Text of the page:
Part 1: proof of concept of energy transport in a simple 2-D array of nodes

Vladimir F. Tamari

July 2016


The Beautiful Universe model is a universal cellular automata of rotating dielectric dipolar nodes exchanging angular momentum with neighboring nodes to make radiation, matter, and space itself. In this paper a simplified simulation of non-rotating nodes that nevertheless obey the node-to-node momentum-exchange 'rule' of the model provides a qualitative picture of energy transport and can be considered a  preliminary proof of concept on which to build further work

Fig. 1 Transfer of momentum from 4 nodes to neighboring nodes across a 2D Beautiful Universe Array. A node's energy and momentum are shown by the inscribed circle's radius and its angle.



Beautiful Universe:Towards Reconstructing Physics From New First Principles (BU) the rudimentary 2005 model, generalizes a 1993 result that a single dipole provides a unified field with the fundamental attributes of electromagnetic, quantum and relativistic fields, including gravity. BU proposes that the Universe (space, matter, radiation, energy, dark matter and energy etc.) is made up of a 3D Cellular Automata (CA) lattice made up of just such dipolar nodes rotating in place and exchanging angular momentum in units of Planck's constant (h). In 2014 Gerard 't Hooft showed that Quantum Mechanics can be modeled by (CA), which encourages the (BU) approach.

(Fig. 1) shows a preliminary proof-of-concept of how nodes transfer angular momentum to their neighbors according to a specific rule depending on the energy of the node being considered and inversely on the energy of its neighbor to which momentum is transferred.  The rule is explained in Section II, and is is contrasted to the ordinary understanding of how (CA) cells interact merely by turning themselves and/or their neighbors on and off, for example in Stephen Wolfram's New Kind of Science, which speculated that aspects of physics can be modeled as (CA).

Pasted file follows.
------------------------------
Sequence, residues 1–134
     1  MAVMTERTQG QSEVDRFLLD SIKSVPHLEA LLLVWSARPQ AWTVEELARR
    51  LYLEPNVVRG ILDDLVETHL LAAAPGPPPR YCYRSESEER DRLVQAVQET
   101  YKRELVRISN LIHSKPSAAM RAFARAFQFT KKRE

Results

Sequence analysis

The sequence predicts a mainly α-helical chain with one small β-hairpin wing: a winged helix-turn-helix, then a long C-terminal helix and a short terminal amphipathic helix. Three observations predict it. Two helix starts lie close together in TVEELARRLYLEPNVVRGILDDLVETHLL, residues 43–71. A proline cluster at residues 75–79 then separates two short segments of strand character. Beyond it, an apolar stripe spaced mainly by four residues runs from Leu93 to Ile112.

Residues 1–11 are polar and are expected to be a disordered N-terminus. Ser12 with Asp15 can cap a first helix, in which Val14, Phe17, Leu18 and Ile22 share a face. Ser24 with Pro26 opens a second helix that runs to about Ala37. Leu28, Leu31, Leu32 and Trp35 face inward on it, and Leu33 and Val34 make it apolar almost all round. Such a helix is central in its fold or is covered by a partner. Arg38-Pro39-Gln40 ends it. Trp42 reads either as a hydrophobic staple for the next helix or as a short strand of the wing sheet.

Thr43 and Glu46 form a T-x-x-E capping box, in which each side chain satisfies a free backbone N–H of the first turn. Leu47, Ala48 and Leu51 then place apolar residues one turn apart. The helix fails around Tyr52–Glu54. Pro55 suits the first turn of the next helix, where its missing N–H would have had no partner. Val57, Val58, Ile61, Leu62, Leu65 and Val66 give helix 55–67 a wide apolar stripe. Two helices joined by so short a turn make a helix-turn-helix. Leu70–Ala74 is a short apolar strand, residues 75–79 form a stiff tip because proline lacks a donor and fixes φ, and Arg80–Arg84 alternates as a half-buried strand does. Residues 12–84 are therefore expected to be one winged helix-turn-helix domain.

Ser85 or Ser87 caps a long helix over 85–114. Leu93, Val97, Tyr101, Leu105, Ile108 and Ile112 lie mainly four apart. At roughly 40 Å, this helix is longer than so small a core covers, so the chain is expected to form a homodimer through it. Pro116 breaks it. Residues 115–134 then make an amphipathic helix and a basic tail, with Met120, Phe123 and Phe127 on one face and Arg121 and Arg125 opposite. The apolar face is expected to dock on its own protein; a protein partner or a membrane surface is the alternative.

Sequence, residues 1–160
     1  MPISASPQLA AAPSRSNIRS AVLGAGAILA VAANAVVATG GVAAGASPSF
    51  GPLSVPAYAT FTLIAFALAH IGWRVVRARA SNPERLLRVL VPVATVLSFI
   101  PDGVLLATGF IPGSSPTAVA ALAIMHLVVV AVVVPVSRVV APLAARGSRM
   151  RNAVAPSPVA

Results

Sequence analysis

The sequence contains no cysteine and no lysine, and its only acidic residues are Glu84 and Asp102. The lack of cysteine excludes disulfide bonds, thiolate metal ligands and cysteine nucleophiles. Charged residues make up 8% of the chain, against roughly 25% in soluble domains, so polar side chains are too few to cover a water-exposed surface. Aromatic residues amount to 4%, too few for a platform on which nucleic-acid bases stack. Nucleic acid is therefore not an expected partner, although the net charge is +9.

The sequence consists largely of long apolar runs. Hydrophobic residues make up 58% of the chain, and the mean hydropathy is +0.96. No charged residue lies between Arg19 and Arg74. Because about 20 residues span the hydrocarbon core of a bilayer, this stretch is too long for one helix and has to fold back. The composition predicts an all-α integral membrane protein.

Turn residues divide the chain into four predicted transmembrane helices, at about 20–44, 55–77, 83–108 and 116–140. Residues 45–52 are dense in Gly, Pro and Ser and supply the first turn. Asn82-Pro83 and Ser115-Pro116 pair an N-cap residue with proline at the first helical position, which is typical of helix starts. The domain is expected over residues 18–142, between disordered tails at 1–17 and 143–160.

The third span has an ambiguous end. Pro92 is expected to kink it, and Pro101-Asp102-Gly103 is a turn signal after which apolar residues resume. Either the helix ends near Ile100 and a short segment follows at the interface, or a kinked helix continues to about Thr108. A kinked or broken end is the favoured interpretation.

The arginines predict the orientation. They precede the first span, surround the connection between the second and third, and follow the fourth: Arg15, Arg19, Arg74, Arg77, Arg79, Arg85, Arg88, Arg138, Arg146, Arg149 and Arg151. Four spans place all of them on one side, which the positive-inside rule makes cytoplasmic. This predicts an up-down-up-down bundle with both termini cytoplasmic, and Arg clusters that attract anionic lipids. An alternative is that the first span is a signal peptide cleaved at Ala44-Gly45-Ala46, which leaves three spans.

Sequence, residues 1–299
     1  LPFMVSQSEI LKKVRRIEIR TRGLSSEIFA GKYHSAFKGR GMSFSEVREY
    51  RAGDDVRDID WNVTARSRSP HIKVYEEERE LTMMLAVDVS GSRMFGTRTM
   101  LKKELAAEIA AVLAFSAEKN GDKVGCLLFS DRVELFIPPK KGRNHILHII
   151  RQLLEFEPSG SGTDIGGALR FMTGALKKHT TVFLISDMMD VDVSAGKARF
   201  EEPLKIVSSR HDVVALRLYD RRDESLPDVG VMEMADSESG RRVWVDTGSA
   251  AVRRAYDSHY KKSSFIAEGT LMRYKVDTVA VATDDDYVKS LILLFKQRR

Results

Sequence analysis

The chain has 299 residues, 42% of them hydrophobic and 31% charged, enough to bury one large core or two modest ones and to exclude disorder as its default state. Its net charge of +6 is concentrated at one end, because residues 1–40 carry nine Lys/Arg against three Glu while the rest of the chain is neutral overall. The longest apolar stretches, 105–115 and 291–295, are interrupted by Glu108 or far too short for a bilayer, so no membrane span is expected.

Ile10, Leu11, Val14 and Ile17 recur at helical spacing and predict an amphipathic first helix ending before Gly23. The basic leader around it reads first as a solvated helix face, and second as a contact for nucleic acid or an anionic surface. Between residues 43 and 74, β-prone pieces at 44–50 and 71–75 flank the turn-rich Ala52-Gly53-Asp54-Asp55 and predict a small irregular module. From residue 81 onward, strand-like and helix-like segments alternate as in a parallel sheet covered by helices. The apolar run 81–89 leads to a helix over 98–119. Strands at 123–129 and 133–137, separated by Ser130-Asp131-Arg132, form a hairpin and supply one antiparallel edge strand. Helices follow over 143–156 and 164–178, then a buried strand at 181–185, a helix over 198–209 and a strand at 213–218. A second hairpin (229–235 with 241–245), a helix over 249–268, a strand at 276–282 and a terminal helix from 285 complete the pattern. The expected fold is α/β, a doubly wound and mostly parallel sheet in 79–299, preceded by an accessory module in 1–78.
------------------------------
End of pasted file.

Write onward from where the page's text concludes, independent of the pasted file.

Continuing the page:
While this simulation is limited in the several ways discussed in Section III. Its preliminary success however paves the way for more realistic simulations of (BU) in a 3D array whereby each node interacts with its neighbor with +-, -+, poles attracting and ++, - - repelling each other, in an attempt to model energy-particle conversion according to e=mc^c, gravity, Lorentz Transformations, quantum mechanical effects such as uncertainty, dark matter and energy and so forth.



Fig. 1  The first ten frames of the 2D simulation of four nodes of the initial state (top left)
spread to adjoining nodes and spread then overlap. The size of a circle centered on a
node indicates its angular momentum, while its radius shows the direction the energy is
directed. As the energy spreads to more and more adjoining nodes each the a node
carries less and less energy, but the total momentum is conserved.


In a two dimensional orthogonal array of nodes forming r rows and c columns the momentum vector of a node is m(r,c). Transfer from a given node (a)  to its neighboring node (b) (the recipient) located next to it in the same row is:

dmab(r,c)= ma(r,c)/v(1+|mb(r+1,c+1)|)                     (1)

where ma and the mb are the momentum components of the nodes in question along the line ab joining them. The absolute value of mb is used indicated by the || bars.  dmab < ma is the is the portion of node (a)'s momentum transferred to (b) in unit time 'tick'. The momentum transferred from (b) to (a) is similarly calculated:

dmba(r,c)= mb(r,c)/v(1+|ma(r+1,c+1)|)                     (2)

and unless mb=ma, dmab is usually unequal to dmba. The 2D simulation shows energy spreading as expected. In the resulting graphic The simulation scheme involves the following steps for each time tick (s):

1- Define initial momentum m(r,c) and 'phase' t(r,c) i.e. angle of the momentum of each node. Add up the total energy of all the nodes (mom) as a scalar.
2- Display the data. The radius of the circle surrounding a node indicates its energy, while its direction is shown by the angle made by the radius shown. The data could also be displayed as a vector field.